Pads, tampons or cups?
Menstruation is a beautiful part of a woman’s life. However, most of us seem to have a very tiresome time dealing with the monthly nuances that hold hands with our periods. From figuring out which pills ease the pain to satisfying cravings; the last thing we want to deal with is leakage – especially not when we’re out and about.
Out of a discussion among colleagues, I realised that each menstrual experience is different, and out of that difference comes the reason why there are so many options in the feminine hygiene aisle. Majority of women start out with pads, gradually make the transition to tampons, and then experience the wonders of menstrual cups. All decisions pretty much boil down to comfort, flow, and affordability. Without further ado, let’s open up the discussion and jump into the relatable ins and outs of these products.
I remember my first interaction with the infamous pad. I was only a grade-five student and they sent all the boys away only to unpeel a bulky package and paste its content on to the crotch of the ugliest panty I’ve ever seen. All the girls snickered. Little did I know that two years later, I’d have to endure this ordeal. I spent years trying to manoeuvre life with pads but they would, every time, without fail, leak. I would go to sleep on fresh sheets and wake up in my very own crime scene no matter which way I slept. Alas! I even tried sleeping sitting up.
Abigail M is in her 30s and stated that she only ever uses pads due to the personality of her flow, and they work perfectly.
1) Protection against stained underwear.
2) Little to no interaction with the body or the blood itself.
3) They are safe to be worn overnight due to the risk of toxic shock syndrome that come with the tampon territory.
1)You are more susceptible to odour, especially on hotter days.
2) You can feel the blood seeping out.
3) They shift around during activities which may cause uncontrolled leakage.
I was in fourth form when I saw my friend with an attractive packet with some sort of plastic stick inside. I asked her about it and that’s when I knew that options were available. “Inside me?” I questioned wearily. Swearing by a better experience, she pushed it over to me and I left with every intention to try it. Rummaging through my belongings, my mother found the tampon and instantly started a heated question and answer session. “What is this?!” “Where did you get it?!” Confused and slightly afraid, I answered her questions. She took it and stormed out of the room. Years later, having moved out, and in desperate need for a change, I decided on the most basic brand of tampons. It wasn’t an easy transition but it was still better than sanitary napkin. Now, I see tampons as gospel and everything else is noise. Others however, think the complete opposite and here’s why.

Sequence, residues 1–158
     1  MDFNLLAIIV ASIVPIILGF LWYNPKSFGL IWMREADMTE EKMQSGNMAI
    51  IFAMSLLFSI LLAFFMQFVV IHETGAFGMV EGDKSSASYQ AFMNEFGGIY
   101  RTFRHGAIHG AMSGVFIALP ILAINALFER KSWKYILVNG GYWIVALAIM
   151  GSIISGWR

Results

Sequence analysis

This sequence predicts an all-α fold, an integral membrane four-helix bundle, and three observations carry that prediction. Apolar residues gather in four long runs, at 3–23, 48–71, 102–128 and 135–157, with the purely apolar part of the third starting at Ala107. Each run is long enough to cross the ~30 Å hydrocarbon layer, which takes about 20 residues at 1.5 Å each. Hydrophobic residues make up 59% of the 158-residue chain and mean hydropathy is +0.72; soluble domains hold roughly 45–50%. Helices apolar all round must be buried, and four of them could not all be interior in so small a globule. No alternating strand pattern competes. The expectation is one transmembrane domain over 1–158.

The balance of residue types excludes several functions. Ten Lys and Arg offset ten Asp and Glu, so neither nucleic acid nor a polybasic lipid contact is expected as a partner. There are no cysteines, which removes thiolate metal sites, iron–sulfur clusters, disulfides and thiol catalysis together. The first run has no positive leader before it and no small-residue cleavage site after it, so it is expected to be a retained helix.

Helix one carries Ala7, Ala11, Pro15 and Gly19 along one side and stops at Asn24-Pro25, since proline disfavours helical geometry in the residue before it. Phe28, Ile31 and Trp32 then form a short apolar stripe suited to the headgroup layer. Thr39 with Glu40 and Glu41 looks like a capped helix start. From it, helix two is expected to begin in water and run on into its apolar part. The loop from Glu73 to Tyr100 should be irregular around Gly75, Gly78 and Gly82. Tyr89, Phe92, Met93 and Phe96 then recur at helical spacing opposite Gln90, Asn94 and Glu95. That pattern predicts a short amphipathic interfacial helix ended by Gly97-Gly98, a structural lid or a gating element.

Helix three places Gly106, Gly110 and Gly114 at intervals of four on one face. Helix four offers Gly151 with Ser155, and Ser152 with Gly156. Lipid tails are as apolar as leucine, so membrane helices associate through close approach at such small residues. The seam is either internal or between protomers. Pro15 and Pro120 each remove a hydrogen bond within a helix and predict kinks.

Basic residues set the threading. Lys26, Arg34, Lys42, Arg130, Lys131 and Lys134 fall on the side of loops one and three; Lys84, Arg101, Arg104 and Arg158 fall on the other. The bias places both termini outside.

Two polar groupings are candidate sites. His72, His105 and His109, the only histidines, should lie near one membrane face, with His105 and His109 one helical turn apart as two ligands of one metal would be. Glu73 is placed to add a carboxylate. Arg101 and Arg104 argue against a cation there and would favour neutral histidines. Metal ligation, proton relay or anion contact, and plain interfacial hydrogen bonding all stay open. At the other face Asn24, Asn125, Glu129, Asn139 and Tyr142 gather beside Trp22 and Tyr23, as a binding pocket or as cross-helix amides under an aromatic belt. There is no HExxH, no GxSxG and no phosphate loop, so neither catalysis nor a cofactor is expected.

1) You get a few hours to just exist and forget about your period.
2) Easily disguisable in your pocket so you don’t have to tote your bag or pouch with you to the ladies room
3) You get to swim and exercise freely without worry
Though a rarity, you run the risk of Toxic Shock Syndrome
They may leak if you have a heavy flow or forget about it.
You usually have to change it after doing a number two.
I had met a new friend by the end of 2017 and we were casually just talking about periods when she said, “oh. I need to empty my cup.” “Cup?” I asked. On January 20, 2019 the Outlook published a Dear Doc column and someone asked if cups are a healthy and safe option. The doctor explained that these small and flexible cups are used to collect menses instead of absorbing it like a pad or tampon does. They have been around since the 1930s, are quite popular and pose no threat to the human body.
1) No more leaks. They form a tight seal, so once you get the hang of inserting it, there will be no need to wear a backup pad or pantyliner.
2) There is less odour. Menstrual blood may begin to have an odour when it’s exposed to air; but since the cup forms an airtight seal, there is no exposure to air, and so no odour.
3) You can have mess-free sex during your menses. The soft, disposable cups are designed with sex in mind. They look like a diaphragm, a contraceptive device, so your partner cannot feel it and there is no blood to worry about.
1) Removal can be messy and embarrassing. Even though inserting the cup can be easy, removing it is not easy at all. In a sitting or squatting position, you will have to use your pelvic floor muscles to push the cup down in the vagina, and then reach in and grab the stem.
2) It can be difficult to find the correct fit, because cups come in different sizes depending on age, menstrual flow, and whether you have had a child. Finding the perfect fit can be challenging, and it will take some trial and error, and you may have leaks until you do.
Don’t shy away from the conversation. Let us know which you prefer and why by sending us an email at firstname.lastname@example.org